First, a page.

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  Table of Contents  
REVIEW ARTICLE
Year : 2015  |  Volume : 52  |  Issue : 1  |  Page : 36-38
 

Bursectomy for gastric cancer: What does the evidence indicate?


Department of Gastrointestinal Surgery, Gastrointestinal Oncology, and Bariatric Surgery, Medanta Institute of Digestive and Hepatobiliary Sciences, Medanta, The Medicity, Gurgaon, Haryana, India

Date of Web Publication3-Feb-2016

Correspondence Address:
A Chaudhary
Department of Gastrointestinal Surgery, Gastrointestinal Oncology, and Bariatric Surgery, Medanta Institute of Digestive and Hepatobiliary Sciences, Medanta, The Medicity, Gurgaon, Haryana
India
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Source of Support: None, Conflict of Interest: None


DOI: 10.4103/0019-509X.175564

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 » Abstract 

Radical resection of the bursa omentalis (radical bursectomy) as part of a curative resection for gastric cancer has been advised for close to a century. However, the postulated associated morbidity and lack of a clear benefit in terms of survival preclude its routine use. To objectively review the available evidence on the role of bursectomy as part of a curative resection for gastric cancer. A systematic search of the scientific literature was carried out using Embase, PubMed, MedLine and the Cochrane central register of controlled trials for the years 1965-2013 to obtain access to all publications, especially randomized controlled trials (RCTs), systematic reviews and meta-analyses involving bursectomy in gastric cancer with the appropriate specific search terms, namely, “bursectomy,” “stomach cancer,” “gastric cancer,” “survival,” “morbidity,” “outcomes” and “RCTs”. Using the above search strategy, a total of 29 publications was retrieved of which five publications were identified describing bursectomy and its outcomes in gastric cancer. These included three retrospective cohort studies and two publications from a single RCT. Bursectomy do not appear to add the morbidity or mortality of the overall surgery. However, it did not appear to significantly improve overall survival neither in the retrospective cohort studies nor in the only RCT. The evidence to date is insufficient to suggest any additional benefit of routine bursectomy to a radical gastrectomy with D2 lymphadenectomy for gastric cancer. Results of an on-going RCT are awaited to determine if bursectomy may further improve overall survival in patients with advanced T-stage of disease.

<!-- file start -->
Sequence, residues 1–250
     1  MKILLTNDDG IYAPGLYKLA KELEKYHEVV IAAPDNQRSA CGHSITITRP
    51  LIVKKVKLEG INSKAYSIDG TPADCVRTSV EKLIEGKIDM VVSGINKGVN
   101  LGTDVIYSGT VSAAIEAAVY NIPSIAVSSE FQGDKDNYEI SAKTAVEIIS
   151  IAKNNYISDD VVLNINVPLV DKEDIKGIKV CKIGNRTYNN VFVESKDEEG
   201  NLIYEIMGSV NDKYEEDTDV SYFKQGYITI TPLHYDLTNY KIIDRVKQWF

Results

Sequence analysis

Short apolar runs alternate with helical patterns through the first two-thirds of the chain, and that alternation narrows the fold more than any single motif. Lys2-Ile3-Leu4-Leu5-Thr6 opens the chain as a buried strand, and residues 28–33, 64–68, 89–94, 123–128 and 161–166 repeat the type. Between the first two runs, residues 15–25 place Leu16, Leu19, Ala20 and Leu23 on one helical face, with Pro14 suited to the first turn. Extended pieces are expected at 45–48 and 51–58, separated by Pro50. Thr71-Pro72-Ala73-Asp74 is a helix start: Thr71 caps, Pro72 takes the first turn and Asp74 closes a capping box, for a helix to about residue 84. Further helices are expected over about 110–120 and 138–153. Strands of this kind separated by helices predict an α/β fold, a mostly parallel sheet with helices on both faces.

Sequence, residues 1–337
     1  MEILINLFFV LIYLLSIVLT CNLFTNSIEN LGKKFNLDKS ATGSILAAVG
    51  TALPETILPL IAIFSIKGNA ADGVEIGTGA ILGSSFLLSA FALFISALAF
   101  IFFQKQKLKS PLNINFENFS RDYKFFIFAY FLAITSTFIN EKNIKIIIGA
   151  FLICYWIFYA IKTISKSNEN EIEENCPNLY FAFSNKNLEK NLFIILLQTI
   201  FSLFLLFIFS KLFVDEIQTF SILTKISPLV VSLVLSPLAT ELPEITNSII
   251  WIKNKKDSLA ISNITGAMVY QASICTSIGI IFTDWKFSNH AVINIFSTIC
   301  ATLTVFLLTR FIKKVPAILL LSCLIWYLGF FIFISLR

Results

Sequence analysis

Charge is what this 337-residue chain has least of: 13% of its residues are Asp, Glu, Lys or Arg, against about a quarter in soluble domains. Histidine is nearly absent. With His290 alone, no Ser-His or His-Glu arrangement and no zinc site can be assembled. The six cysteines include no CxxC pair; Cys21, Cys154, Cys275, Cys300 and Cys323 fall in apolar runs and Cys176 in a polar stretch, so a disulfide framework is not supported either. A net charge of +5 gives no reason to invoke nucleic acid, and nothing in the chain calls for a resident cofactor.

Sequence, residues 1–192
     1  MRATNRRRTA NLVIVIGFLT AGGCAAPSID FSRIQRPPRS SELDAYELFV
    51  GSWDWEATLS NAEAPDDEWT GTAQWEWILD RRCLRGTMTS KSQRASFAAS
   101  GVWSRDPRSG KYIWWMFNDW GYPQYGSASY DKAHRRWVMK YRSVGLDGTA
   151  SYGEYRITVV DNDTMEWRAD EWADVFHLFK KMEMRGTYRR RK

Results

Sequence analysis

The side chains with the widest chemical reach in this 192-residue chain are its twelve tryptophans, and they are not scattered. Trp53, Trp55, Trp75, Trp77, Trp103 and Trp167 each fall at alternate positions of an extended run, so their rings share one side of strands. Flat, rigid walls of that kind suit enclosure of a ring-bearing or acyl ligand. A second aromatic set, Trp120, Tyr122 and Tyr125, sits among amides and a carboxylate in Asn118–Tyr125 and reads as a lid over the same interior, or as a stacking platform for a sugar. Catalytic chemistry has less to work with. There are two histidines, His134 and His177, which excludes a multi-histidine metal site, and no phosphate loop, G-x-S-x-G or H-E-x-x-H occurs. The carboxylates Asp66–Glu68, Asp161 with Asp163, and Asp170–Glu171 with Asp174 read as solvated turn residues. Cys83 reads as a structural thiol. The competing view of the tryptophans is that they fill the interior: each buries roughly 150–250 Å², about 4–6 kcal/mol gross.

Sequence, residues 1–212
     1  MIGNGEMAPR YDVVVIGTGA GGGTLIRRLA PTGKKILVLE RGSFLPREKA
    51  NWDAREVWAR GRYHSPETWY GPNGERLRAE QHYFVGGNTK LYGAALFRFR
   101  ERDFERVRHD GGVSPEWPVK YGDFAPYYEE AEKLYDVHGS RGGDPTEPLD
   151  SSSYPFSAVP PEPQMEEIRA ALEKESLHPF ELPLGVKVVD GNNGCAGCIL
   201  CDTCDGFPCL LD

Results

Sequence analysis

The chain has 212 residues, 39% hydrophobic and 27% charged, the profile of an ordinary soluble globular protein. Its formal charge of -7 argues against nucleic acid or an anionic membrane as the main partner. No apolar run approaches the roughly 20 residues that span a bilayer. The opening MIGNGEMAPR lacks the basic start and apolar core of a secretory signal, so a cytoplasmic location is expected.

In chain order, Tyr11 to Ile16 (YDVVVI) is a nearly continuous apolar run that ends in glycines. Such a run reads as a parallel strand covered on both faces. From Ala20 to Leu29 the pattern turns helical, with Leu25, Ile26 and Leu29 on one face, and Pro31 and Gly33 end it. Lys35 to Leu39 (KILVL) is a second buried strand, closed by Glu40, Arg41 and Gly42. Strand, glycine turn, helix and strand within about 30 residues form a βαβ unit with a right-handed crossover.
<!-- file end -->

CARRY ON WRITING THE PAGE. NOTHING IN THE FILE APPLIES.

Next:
Keywords: D2 lymphadenectomy, morbidity, mortality, radical


How to cite this article:
Barreto S G, Perwaiz A, Singh A, Singh T, Chaudhary A. Bursectomy for gastric cancer: What does the evidence indicate?. Indian J Cancer 2015;52:36-8

How to cite this URL:
Barreto S G, Perwaiz A, Singh A, Singh T, Chaudhary A. Bursectomy for gastric cancer: What does the evidence indicate?. Indian J Cancer [serial online] 2015 [cited 2019 Aug 25];52:36-8. Available from: http://www.indianjcancer.com/text.asp?2015/52/1/36/175564



 » Introduction Top


Locoregional recurrences in gastric cancer have been reported to be as high as 72%.[1],[2] Radical resection of the bursa omentalis (radical bursectomy) as part of a curative resection for gastric cancer has been advised for close to a century [3],[4],[5] as one of strategies to reduce locoregional recurrence. Bursectomy involves the dissection of the peritoneal lining of the lesser sac (the lining over the anterior transverse mesocolon and pancreas) along with omentectomy [4],[6] and forms part of the recommendations in the Japanese Gastric Cancer Treatment Guidelines on surgery for gastric cancer.[5] The rationale for this procedure is that it aids removal of micrometastases disseminated into the bursa omentalis especially in gastric cancers located in the posterior wall where it may constitute the only site of disease dissemination [7] as well to facilitate a more thorough clearance of the infrapyloric and celiac nodes.[8]

Although theoretically, radical bursectomy should be part of a curative resection for gastric cancer, factors precluding its widespread practice include the associated morbidity and lack of a clear benefit in terms of survival. The aim of the current study was to objectively review the available evidence on the role of bursectomy as part of a curative resection for gastric cancer.


 » Materials and Methods Top


A systematic search of the scientific literature was carried out using Embase, PubMed, MedLine and the Cochrane central register of controlled trials for the years 1965-2013 to obtain access to all publications, especially randomized controlled trials (RCTs), systematic reviews and meta-analyses involving bursectomy in gastric cancer. The search strategy was that described by Dickerson et al.[9] with the appropriate specific search terms, namely, “bursectomy,” “stomach cancer,” “gastric cancer,” “survival,” “morbidity,” “outcomes” and “RCTs.” All available publications from the past 50 years were considered.